Wikipedia could provide traders with an early warning of stock market movements, according to a university study.
Researchers at the Warwick Business School in the UK looked at changes in the frequency with which finance-related pages were viewed on Wikipedia, establishing links to subsequent drops in stock value on the Dow Jones Industrial Average.
Wikipedia, an online encyclopaedia, allow users to edit entries, and also enable the tracking of page views for individual entries over historic periods based on its WikiStats server logs.
Using the data provided, the researchers collated information on 30 Wikipedia pages relating to companies listed in the Dow Jones index between December 2007 and April 2012. These companies included Procter & Gamble, Bank of America, and The Walt Disney Company.
The researchers, working alongside students from Boston University in the US, were able to detect a link between an increase in page views of companies and a subsequent fall in stock value.
It was found that a trading strategy based on the changes of frequency in page views led to an increase in profits of 141 percent.
“These results provide evidence that online data may allow us to gain a new understanding of the early stages of decision making, giving us an insight into how people gather information before they decide to take action in the real world,” said Dr Suzy Moat, Senior Research Fellow at Warwick Business School.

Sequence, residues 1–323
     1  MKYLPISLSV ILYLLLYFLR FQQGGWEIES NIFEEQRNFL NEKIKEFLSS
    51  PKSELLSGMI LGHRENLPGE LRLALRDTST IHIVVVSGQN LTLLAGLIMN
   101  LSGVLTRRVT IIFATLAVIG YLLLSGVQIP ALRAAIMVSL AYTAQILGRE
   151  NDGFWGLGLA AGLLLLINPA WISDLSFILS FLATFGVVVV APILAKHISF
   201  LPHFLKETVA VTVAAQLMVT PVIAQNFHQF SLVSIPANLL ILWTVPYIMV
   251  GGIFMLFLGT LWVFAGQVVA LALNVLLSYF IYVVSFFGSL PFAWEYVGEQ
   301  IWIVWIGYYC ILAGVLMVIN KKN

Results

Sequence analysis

The researchers also looked at the impact of basing a trading strategy on pages relating to wider general financial topics, as opposed to indiviual companies. Looking at 238 pages including macroeconomics, capital and wealth, it was discovered that a trading strategy could generate profits of up to 297 percent.
In a separate study in April, the researcher also found a correlation between Google query volume and stock market movements.
The research indicated that an increase in searches made for a company on Google often preceded a decrease in the stock value of a company. This is likely to be due to a period of concern from investors, who may be searching for market information before selling at lower prices.
Meanwhile, a decrease in the number of Google searches often coincided with an increase in the stock value, the research highlighted.
Monitoring web behaviour has become increasingly prevalent among traders, with social media sentiment analysis widely reported.
However, problems with trading strategies based on Twitter came to the fore recently when Associated Press’ account was hacked and used to display erroneous information which temporarily knocked billions of dollars off the Dow Jones index.
The incident led to an investigation by US regulators into the use of social media analysis with high frequency trading systems.
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